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How the FIA will address Alonso penalty chaos before Australia

The FIA will make clarifications before the next race in Australia, following the post-race penalty chaos that ensued with Fernando Alonso in Saudi Arabia.

The FIA will make clarifications ahead of the Australian Grand Prix after "conflicting precedents" were found that led to the penalty chaos with Fernando Alonso after the Saudi Arabian Grand Prix. Alonso was initially denied his 100th podium after the FIA handed him a 10-second time penalty at the end of the race, for failing to properly serve an earlier five-second time penalty during his pit stop for being out of position on the grid. While serving these time penalties, teams are not allowed to work on the car at any time. But after a review of video evidence following a request on the last lap, the stewards deemed that a mechanic touched the car with the rear jack during the stop and that it constituted as "working" on the car. Aston Martin appealed the decision by arguing that the "agreed position" about what counted as "working" was "incorrect," providing seven examples in the past of when teams have touched the car while serving the penalty. Three hours following the race – and after George Russell had been given the third place trophy by Alonso – the stewards reversed their initial decision and reinstated the Aston Martin driver back on the podium.

FIA explains 'conflicting precedents' led to penalty chaos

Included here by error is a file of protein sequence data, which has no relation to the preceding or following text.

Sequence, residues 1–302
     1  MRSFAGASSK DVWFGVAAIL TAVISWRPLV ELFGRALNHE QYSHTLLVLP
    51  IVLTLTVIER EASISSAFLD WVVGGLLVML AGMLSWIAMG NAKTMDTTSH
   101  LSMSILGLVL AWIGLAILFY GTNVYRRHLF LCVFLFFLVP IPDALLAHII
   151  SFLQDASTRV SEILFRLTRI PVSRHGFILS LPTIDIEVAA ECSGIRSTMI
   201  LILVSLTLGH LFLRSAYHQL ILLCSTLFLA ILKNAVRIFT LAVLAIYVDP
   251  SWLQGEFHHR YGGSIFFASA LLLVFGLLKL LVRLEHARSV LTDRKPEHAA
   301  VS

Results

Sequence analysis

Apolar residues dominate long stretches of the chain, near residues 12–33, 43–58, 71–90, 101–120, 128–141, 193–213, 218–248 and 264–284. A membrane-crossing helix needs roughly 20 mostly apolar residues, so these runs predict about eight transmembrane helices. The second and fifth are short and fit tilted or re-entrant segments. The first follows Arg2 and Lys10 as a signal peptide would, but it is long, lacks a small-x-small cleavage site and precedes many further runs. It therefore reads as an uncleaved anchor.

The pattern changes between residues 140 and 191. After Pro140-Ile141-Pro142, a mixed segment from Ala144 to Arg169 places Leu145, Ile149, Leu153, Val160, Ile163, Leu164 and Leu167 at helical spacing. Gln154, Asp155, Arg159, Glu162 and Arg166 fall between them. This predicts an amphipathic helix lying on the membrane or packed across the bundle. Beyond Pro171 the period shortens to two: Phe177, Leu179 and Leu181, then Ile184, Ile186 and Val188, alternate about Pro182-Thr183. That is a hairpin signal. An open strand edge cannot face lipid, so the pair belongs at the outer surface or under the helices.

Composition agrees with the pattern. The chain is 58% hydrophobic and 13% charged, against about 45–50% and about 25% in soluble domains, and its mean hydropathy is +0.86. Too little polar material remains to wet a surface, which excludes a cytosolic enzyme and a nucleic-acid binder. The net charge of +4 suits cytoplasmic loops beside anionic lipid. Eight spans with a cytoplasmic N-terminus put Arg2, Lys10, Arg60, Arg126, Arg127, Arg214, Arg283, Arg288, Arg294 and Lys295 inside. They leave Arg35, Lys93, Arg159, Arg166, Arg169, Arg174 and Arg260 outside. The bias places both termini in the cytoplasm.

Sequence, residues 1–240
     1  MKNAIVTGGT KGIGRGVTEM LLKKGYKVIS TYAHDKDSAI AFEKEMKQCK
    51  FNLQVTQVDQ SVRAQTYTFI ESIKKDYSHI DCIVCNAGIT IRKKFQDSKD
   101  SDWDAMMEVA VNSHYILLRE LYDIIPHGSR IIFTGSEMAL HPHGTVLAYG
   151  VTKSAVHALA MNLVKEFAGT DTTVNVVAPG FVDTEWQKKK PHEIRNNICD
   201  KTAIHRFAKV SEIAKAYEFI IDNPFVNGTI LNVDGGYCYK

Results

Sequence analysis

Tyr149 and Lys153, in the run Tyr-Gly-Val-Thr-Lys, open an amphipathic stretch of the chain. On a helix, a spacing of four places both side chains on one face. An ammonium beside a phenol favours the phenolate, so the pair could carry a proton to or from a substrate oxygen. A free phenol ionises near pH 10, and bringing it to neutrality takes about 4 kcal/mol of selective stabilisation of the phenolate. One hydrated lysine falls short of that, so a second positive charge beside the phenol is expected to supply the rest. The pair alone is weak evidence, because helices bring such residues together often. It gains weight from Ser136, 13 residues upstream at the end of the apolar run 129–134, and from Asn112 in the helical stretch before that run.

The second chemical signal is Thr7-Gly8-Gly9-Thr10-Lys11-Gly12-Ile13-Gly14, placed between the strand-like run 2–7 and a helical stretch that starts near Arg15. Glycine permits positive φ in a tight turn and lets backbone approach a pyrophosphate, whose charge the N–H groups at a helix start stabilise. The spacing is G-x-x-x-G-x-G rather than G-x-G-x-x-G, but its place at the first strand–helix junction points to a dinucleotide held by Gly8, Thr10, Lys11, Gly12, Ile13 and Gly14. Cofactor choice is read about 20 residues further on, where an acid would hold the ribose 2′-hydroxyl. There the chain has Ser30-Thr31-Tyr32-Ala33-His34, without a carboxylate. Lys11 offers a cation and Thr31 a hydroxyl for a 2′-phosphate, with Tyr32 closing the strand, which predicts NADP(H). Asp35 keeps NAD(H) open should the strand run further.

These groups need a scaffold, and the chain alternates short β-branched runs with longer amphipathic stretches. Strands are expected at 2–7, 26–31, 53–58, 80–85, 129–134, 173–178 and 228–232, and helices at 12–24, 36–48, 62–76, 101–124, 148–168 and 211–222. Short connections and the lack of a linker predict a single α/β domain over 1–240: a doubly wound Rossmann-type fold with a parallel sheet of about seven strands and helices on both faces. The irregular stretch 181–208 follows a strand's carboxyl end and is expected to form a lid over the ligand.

Now the FIA will conduct a review and provide clarification for teams ahead of the next race in Australia, after it found "conflicting precedents" were "exposed by this specific circumstance." "The request to the Stewards for review of the initial decision (Document 51) was made in the last lap of the race," a spokesperson told RacingNews365.com . "The subsequent decision of the stewards to hear and grant the Right of Review by the Competitor was the result of new evidence regarding the definition of ‘working on the car’, for which there were conflicting precedents, and this has been exposed by this specific circumstance. "This topic will therefore be addressed at the next Sporting Advisory Committee taking place on Thursday, 23 March, and a clarification will be issued ahead of the 2023 FIA Formula 1 Australian Grand Prix. "This open approach to the review and improvement of its processes is part of the FIA's ongoing mission to regulate the sport in a fair and transparent way." The circumstances were nearly identical to what happened to Esteban Ocon during the Bahrain Grand Prix, in which the Alpine driver received a hat-trick of penalties. While Ocon reviewed the penalties with the stewards after Bahrain and understood their position, Alonso criticised the FIA in the wake of the Saudi Arabia GP for their "poor show" over how long it took them to investigate their initial decision. Teams are likely to conduct a review with the FIA into the circumstances surrounding the confusion over what constitutes as 'working' on the car while serving these penalties. Questions could also be raised over whether drivers can see their grid slots properly in the cockpits.

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